Over the course of my four days in Barcelona I saw and experienced much. One of my first stops after settling in for a day was the statue of Columbus. I paid the three euro for the ticket and rode the elevator up the narrow column to the observation deck at the top. Although the column is only fifty feet or so high it offers a magnificent view of the city. One can see the harbor, the surrounding hills, and the buildings of the city stretching into the hazy distance. The column of monument is so narrow, though, that it shakes in the wind which I found to be a slightly nerve-wracking situation. I did stay long enough to take my best photos of Barcelona.
I also made my way to the local history museum, which, as it turns out, is built on the Roman ruins of the original town of Barcino. The museum was built adjacent to the cathedral in the center of the city, within the original Roman walls, which still stand and ring the heart of the current city. The ruins themselves were discovered when the land was excavated during the construction of the current museum and becames its premiere exhibit, last stop for museum visitors. Along with a wonderful girl from Australia that I met in my hostel, I visited this museum. The primary exhibit in the museum was a study of Don Quixote. Don Quixote is a book that every American student studying Spanish has to read at some point or another. The work gives us the word quixotic, which means overly idealistic and the term tilting at windmills, a metaphor which signifies any obviously futile action. In Spain, however, the book takes on special significance and is considered a national treasure as much as the Puerta del Sol and the Alhambra. The exhibit detailed Spain the time of Don Quixote and particularly focused on Quixote’s visit to Barcelona. I learned a great deal about Barcelona in that museum. I learned that Barcino was one of the original Roman towns in Spain, dating back over two thousand years. During the Civil War the town, along with much of Spain sided with Pompei against Julius Caesar. Barcino thrived through the centuries on trade and fishing. During the black plague in the 14th century Barcelona was almost wiped out just as most Mediterranean ports which engaged in heavy trade.
After learning all about Barcelona’s long history we took the elevator below street level to the site of the Roman ruins. We walked over catwalks which extended over the remnants of a winepress which still has the fossilized remains of grapes on the floor. We also saw an ancient dyeing factory, which had the traces of bright colors used to dye cloth. The excavation told the story of a town that thrived on commerce millennia ago. While I would see even more remarkable exhibits in Rome later that summer, at that time, these were oldest archaelogical remains that I had ever seen.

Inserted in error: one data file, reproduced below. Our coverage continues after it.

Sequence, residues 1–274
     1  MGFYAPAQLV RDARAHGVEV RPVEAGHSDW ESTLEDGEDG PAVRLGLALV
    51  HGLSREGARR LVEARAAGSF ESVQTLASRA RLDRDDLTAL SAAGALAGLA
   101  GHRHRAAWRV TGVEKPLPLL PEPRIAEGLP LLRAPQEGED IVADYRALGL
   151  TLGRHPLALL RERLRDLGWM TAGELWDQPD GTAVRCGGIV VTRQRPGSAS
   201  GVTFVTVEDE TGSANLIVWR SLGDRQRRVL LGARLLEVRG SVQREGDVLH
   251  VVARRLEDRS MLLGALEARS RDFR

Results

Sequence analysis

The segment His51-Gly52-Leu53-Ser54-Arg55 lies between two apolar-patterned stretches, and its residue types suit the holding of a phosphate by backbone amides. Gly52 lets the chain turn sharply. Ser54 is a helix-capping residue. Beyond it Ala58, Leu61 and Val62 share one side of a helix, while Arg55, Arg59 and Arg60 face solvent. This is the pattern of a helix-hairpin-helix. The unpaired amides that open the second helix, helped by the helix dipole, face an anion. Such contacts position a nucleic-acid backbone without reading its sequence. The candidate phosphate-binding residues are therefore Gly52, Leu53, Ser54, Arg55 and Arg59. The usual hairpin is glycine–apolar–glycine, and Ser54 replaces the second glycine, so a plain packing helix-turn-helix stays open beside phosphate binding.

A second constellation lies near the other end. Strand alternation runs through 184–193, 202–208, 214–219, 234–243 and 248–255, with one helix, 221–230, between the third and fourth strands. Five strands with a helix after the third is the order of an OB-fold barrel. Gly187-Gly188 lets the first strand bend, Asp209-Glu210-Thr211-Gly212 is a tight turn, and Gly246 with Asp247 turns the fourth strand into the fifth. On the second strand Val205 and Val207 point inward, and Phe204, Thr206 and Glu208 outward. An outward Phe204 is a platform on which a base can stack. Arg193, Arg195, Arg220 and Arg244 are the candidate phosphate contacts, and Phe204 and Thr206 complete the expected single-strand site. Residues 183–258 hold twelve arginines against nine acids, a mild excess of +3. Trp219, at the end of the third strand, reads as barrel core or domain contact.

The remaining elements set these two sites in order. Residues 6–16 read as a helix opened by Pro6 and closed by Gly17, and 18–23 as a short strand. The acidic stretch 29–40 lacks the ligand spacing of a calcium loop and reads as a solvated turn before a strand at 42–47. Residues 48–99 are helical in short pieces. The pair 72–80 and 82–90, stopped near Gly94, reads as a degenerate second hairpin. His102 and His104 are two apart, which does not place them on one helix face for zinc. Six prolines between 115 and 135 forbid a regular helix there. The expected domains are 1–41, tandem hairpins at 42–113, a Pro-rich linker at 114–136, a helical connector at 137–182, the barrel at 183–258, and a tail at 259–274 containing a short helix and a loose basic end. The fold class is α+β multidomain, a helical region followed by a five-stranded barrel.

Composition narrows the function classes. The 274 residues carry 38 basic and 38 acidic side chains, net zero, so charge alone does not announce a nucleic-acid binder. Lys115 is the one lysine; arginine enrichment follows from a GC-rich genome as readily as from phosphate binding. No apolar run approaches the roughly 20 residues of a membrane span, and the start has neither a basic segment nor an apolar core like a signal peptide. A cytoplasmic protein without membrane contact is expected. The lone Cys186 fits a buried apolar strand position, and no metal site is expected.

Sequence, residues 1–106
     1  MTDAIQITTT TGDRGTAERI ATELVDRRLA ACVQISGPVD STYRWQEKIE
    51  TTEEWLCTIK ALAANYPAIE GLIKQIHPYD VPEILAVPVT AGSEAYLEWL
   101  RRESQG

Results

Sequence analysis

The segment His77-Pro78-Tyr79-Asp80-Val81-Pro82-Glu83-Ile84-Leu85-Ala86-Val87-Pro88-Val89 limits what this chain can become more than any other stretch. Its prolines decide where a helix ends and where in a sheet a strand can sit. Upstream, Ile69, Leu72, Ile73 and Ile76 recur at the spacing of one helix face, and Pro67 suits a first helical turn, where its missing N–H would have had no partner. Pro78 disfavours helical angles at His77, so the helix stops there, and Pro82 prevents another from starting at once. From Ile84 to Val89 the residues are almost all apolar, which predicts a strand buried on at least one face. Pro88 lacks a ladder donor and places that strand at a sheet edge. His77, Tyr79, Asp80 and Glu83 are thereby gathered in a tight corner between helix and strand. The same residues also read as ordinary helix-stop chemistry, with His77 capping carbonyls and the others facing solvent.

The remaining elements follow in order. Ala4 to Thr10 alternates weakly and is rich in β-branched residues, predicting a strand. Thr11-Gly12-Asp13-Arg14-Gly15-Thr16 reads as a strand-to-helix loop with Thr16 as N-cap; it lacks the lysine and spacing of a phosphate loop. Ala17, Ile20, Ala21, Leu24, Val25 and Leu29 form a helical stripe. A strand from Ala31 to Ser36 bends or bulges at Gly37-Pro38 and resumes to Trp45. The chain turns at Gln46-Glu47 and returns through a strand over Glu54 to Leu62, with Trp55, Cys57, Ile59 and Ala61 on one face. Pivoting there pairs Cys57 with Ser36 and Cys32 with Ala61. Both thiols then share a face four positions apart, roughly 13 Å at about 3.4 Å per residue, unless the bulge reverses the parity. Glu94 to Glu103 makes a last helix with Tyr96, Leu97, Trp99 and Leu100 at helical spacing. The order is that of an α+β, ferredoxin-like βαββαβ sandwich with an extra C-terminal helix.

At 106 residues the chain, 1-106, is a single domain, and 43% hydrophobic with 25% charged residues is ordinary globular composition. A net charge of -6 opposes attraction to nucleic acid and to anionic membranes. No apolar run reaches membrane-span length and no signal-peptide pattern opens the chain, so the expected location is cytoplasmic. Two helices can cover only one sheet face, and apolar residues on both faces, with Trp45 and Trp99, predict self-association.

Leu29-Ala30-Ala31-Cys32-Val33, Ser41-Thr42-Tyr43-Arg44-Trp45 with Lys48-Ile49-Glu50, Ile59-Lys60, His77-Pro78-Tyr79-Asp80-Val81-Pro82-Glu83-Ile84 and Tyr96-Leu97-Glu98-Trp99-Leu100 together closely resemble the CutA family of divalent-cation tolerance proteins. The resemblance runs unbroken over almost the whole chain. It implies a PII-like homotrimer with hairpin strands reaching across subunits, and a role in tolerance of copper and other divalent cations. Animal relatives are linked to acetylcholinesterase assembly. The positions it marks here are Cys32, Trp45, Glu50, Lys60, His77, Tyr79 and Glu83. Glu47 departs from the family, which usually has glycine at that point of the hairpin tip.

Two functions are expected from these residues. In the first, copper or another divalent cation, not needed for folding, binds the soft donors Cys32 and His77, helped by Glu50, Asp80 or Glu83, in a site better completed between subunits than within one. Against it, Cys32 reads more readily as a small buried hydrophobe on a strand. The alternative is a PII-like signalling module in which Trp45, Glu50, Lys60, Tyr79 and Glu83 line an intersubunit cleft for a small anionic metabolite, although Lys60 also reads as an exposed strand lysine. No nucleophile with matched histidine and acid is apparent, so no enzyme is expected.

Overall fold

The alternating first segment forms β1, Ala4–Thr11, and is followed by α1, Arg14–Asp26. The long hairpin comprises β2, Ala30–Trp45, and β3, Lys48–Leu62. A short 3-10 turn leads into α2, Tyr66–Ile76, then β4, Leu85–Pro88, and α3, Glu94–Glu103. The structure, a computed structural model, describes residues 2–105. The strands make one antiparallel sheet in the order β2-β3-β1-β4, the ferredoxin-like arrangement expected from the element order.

Adjacent to the history museum sits the cathedral of Barcelona, a gothic masterpiece which sits atop the ruins of many ancient churches dating all the way back to the ancient Roman temples of Barcino. The cathedral is a magnificent example of gothic architecture with its soaring vaults, columns and chapels. In the center of the Cathedral is an open courtyard in the middle of which is a pool of water. A gaggle of swans swim in the water or walk around the courtyard creating a light and beautiful contrast to the austerity of the gothic church. I enjoyed the atmosphere of cathedral so much that spent half an hour sitting on a stone bench in silent enjoyment of the place.
After three weeks of travelling in Spain I did not set an ambitious itinerary of sightseeing but rather decided to wander about where ever I felt like going. In addition to the museum and sights I have already mentioned I also saw a city that was grimy with age, pollution and population. Many humdrum buildings on out of the way streets were decorated with magnificent graffitti murals of cartoonish figures. The streets were covered with flower petals and everywhere a bright sun shone down at all times. By night the city became a very exciting place.
Barcelona in many ways reminds me of tropical cities in America like New Orleans or Miami. All such cities by night are places of revels, mystery and danger. Barcelona is heavily trafficked by thieves, hookers and panhandlers who seek to make a living by fleecing the unwary tourist. I found it best not to walk too far from very public areas and to travel in groups. Barcelona more than compensated for this dark side, however, by its incredible variety of bars and clubs. Along the waterfront there are many small bars and big clubs where one can enjoy a refreshingly cool cocktail or dance to contemporary dance music and hip hop. All in all I found Barcelona to be an exciting city where I had a good time, learned a great deal about Spanish history, enjoyed lots of sunshine on its fantastic beaches and relaxed in the low key atmosphere. Barcelona was a great way to round out Spain before travelling on to France.